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Alopecia Hair Loss - Coping With the Loss of Hair

By Edited Sep 5, 2016 0 0

Alopecia is a medical condition where there is a loss of hair. It can be on the head or any part of the body. An extreme condition of alopecia can lead to total baldness. This is not to be confused with the serious psychological condition known as trichotillomania where individuals intentionally pull the hair off their bodies in an effort to achieve some neurotic perfection of flawless skin. Alopecia hair loss is involuntary and it can negatively affect the lives of those who suffer from it.

Alopecia hair loss can occur by merely styling the hair. Having the hair in a ponytail or a braid that is very tight will cause a pulling pain on the scalp. The scalp will react to the pain and eventually let the hair fall out. Also, the loss could be a result from burns caused by chemicals used in hair relaxers and burns from flat irons. Burns will disable the skin's ability to grow new hair.

Alopecia hair loss can be a symptom of other medical conditions. It can indicate low iron level in the body. This condition is involuntary and might appear if the body is going through a hormonal imbalance, if you are taking medication, experiencing fatigue or stress and other skin problems. Alopecia that occurs only on a certain area or a single section is called alopecia areata hair loss. However if the body loses hair completely like what happens after a chemotherapy treatment, it is called alopecia universalis. The type of loss can be diagnosed by examining the skin and the hair.

Here is the list of the causes of Alopecia hair loss:

Pattern baldness - can happen to both women and men. It occurs in a pattern usually starting from the upper portion of the head or forehead and may result in total baldness, which is called Alopecia Totalis. The pattern on women is not the same as men and may not end up with complete baldness. Over time, the hair becomes thinner on the woman's scalp and the hairline recedes further back.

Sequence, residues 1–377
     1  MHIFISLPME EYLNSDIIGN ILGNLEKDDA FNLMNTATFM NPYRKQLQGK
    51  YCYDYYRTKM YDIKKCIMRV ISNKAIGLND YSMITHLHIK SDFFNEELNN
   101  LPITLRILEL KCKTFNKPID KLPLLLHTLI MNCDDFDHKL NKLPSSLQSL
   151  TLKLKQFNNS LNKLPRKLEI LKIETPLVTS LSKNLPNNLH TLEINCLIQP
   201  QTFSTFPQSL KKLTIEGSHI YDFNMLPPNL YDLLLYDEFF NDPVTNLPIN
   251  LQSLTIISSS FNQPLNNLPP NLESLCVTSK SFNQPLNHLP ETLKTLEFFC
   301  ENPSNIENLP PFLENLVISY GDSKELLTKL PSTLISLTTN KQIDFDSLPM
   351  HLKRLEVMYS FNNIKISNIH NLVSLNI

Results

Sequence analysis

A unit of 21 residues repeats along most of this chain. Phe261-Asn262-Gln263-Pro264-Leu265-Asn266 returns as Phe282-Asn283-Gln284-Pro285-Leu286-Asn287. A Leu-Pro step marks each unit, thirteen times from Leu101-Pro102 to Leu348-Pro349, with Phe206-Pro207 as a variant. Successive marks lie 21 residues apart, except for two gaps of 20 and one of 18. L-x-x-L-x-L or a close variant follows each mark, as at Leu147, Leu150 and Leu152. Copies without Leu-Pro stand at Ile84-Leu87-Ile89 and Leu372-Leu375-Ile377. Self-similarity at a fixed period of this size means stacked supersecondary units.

Chemical breakage - frequent usage of chemical relaxers will cause the hair follicles to die. The scalp will not be capable of growing new hair.

Ringworm on the scalp - this is a fungal infection that affects the shaft of the hair. It forms a black dot pattern that creates patches on the scalp. It weakens the follicles and produces weak, thin hair that breaks easily. It is most common among young children.

Heat damage - too much exposure to heat especially when using a hot curling iron will damage the scalp and might end up burning the skin. Even with out burning the scalp, if too much heat is applied it will not be capable of regrowing hair.

Iron deficiency - iron helps in supplying oxygen to the blood and the body. The blood has to be able to circulate the right amount of oxygen thus making the skin healthier. Unhealthy skin will not be able to hold hair.

Hair pulling - this is the habit of pulling out the hair, which is more common in kids compared to adults. It may not at first be seen as the reason for the hair loss by parents or doctors and over a period of time might be diagnosed as some other kind of infection.

Telogen effluvium - is a condition that is caused by both physical and psychological stress. This will result in a mass of hair follicles going into telogen, which is a phase of rest. When this happens hair stops growing. Some of the causes are a rapid loss of weight, illness with high fever and severe hormonal imbalance. Drugs that cause telogen effluvium are those that are used for chemotherapy, treating high pressure, etc.

Alopecia hair loss can't be avoided especially if the cause is a genetic pattern. But for those who do not want to suffer the alopecia hair loss, start taking care of your hair especially the scalp. Alopecia treatment does exist for some cases. Like anything you have to find an underlying cause before you can take steps to cure it. No one wants to have hair loss from alopecia. Women especially are devastated by it compared to men, so quick action many prevent further alopecia hair loss.

Unfortunately in some cases nothing can be done about it. The loss of hair is inevitable. While this might seem like a loss of identity you would not be the first person to go through this kind of trauma. Hats and wigs can help cover up the loss of hair and they have been used for that purpose for centuries. There are hair replacement surgeries that can also help. Don't let it stop you from living life if you are having trouble coping with the changes.

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